Check out Dudurich's list here... it's a list that even includes a few guys who haven't yet won a major.
 
Follow T.J. Auclair on Twitter, @tj_auclair.
February 22, 2013 - 11:54am
Posted by:
John Holmes
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St. Andrew's Golf Club
Photo by Jim Krajicek Photography

We celebrated the Presidents' Day holiday a few days ago, but today is actually George Washington’s birthday. It's also a significant day in the history of golf in the United States.

On this day in 1888, a small group of hearty golfers staged the first known exhibition of golf in America – over three holes laid out by John Reid and John Upham in a cow pasture in Yonkers, N.Y. And on Nov. 14, 1888, these golfers formally established The Saint Andrew's Golf Club, which remains the oldest continuously existing golf club in the United States.

That makes 2013 the club's 125th anniversary year, and it is going all-out to celebrate. Among the big events on its calendar are the Folds of Honor Golf Tournament (June 4) to support the families of deceased and disabled members of the military; Celebrating Women in Golf (June 5), marking the history and growth of women's golf in America; the 125th Anniversary Celebrity Golf Tournament (June 7); and the Gala 125th Anniversary Dinner Dance (June 8) at the Waldorf Astoria in midtown Manhattan.

Its age isn't the club's only claim to fame. Here is a list of some other firsts achieved there:

--the first photograph of golf in America (1888)

--the first recorded mixed foursome, played on March 30, 1889, when Upham teamed with Mrs. John Reid to defeat the team of Reid and Miss Carrie Law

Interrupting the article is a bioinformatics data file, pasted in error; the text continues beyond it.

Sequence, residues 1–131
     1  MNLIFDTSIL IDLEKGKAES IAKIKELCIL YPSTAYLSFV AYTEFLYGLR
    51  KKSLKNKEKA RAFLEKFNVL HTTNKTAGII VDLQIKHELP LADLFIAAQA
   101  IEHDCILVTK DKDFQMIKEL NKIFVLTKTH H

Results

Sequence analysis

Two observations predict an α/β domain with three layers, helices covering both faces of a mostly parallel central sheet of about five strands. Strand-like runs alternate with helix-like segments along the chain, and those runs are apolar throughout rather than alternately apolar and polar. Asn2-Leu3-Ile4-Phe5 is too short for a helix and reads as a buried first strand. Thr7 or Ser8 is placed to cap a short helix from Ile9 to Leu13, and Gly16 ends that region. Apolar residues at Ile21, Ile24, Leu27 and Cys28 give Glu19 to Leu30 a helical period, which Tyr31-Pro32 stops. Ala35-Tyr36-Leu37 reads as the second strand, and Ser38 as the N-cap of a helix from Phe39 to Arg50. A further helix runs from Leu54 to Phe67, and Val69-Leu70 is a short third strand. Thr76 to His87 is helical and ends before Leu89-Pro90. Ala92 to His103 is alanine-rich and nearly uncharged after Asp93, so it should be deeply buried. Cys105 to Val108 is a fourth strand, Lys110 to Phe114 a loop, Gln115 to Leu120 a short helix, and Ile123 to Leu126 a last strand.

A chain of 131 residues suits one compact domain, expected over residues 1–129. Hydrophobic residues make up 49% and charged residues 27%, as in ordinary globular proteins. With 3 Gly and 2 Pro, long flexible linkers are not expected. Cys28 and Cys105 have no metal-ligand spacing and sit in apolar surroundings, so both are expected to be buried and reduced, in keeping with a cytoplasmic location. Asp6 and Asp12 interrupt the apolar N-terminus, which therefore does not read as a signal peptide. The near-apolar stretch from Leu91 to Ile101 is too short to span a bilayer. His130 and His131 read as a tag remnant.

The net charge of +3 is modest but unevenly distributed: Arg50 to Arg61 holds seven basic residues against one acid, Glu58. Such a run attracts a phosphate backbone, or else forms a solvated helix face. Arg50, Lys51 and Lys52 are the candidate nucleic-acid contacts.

--the first American ''clubhouse,'' including a rudimentary 19th hole, was the famous apple tree where Reid and his friends hung their coats while playing in the apple orchard that became the club's second course

--the first U.S. Amateur Championship, at match play, was hosted by St. Andrew's in 1894 – and won by St. Andrew's member L.B. Stoddart

--the first U.S. Open was hosted by St. Andrew's, also in 1894

--Saint Andrew's member Henry O. Tallmadge suggested and organized the Dec. 22, 1894, meeting of five golf clubs that resulted in the creation of the United States Golf Association (USGA).

--St. Andrew's published the first Yearbook (or Handbook) in America containing a club's list of members, officers, and committees, as well as its constitution and by-laws in 1895

--St. Andrew's also organized and funded the first U.S. Public Links Championship. The tournament, for players who didn't belong to a USGA club, was held at Van Cortlandt Park, the nation's first public course, in 1896

--Saint Andrew's member Charles E. Sands won the first Olympic gold medal for golf in 1900.